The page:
If you have got an upcoming IRM related event you want mentioned, please e-mail the date, time and location of the event to


Folks, we've just released a new book on management entitled, "The Bryce is Right! Empowering Managers in today's Corporate Culture." This is a frank and candid description of the state of the art in management and includes essays on the problems in management today, along with some pragmatic advice on how to deal with them. Basically, this is a condensed course in management. As such, it is suited for managers, either those aspiring to become a manager or for those who need a refresher course. It will also be of interest to young people entering the work force, and is excellent for college curriculums.

Charles Cole of Lyndhurst, OH, said it is a "Very interesting book. Good work! It reminds me of some of the early works I read by W. Edwards Deming. Too bad the American corporate gurus of his day didn't pay him heed."

And Wolf Hager of Fort Myers, FL, says it is "A very impressive publication which requires careful reading and reminds me somewhat of Peter Drucker."

The price is just $20 plus tax. For more information on our book or to order on-line, see:

We have also just produced a new one-day training program of the same name. For more information on both the eBook and course, please visit our web site at:

While there, look for our new MS PowerPoint presentation describing both the book and the training program.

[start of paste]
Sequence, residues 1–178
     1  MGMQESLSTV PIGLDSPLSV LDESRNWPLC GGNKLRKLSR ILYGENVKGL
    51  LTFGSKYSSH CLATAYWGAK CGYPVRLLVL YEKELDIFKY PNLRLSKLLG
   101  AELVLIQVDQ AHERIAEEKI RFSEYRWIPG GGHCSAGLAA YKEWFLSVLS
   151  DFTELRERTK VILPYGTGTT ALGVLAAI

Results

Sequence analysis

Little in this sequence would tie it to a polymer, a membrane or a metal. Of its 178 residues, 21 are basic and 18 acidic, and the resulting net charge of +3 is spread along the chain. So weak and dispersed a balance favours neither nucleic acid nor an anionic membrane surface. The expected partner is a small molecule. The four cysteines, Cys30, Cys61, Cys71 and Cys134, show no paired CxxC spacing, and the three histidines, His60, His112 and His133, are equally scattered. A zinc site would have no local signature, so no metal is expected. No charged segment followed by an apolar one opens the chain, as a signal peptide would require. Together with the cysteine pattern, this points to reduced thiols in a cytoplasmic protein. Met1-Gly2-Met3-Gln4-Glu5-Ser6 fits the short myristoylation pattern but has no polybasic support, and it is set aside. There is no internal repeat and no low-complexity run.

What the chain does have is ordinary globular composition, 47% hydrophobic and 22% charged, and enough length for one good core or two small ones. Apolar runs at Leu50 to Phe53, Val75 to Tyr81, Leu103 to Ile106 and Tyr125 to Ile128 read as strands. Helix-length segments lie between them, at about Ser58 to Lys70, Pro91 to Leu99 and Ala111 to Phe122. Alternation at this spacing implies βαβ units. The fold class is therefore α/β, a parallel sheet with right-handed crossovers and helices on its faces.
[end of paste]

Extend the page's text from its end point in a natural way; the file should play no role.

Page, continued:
I was a loyal reader of "Newsweek" magazine for at least thirty years, but I noticed the reporting was getting watered down and consequently I canceled my subscription. I haven't looked at a copy of it in quite some time, but I recently flipped through an issue at a doctor's office. I found it interesting that it took me about 40 pages until I finally got to the lead story. This was prefaced by a series of small fluff pieces aimed at celebrities in the media, cartoons and quotes, the latest technological devices, and, oh yea, some letters to the editor. Aside from the letters, everything else tried to convey a "hip" image, nothing truly journalistic, just something cute and meaningless. I guess this is one of the reasons why I drifted away from "Newsweek," their ability to report and analyze news has deteriorated considerably over the last few years. But frankly, I don't think "Newsweek" is alone in this regards. "Time" magazine, and television network news have also watered their reporting down. Accurate news reporting is sacrificed for what is considered "hip" or politically fashionable for the moment. I think Huntley/Brinkley would turn over in their graves if they knew what was going on at NBC news. But, in defense of today's news reporting, I think it says a lot about ourselves. For example, news is now reported in smaller, easier to digest, chunks. I guess Americans have the attention span of a gnat. I also question our set of priorities; since when has Brad Pitt's and Angelina Jole's baby been more important than the problems in the Middle East? Is Apples iPod more important than the problems in Detroit? Either the media is distorting our sense of priorities or, God forbid, they understand us too well. I hope it is the former and not the latter.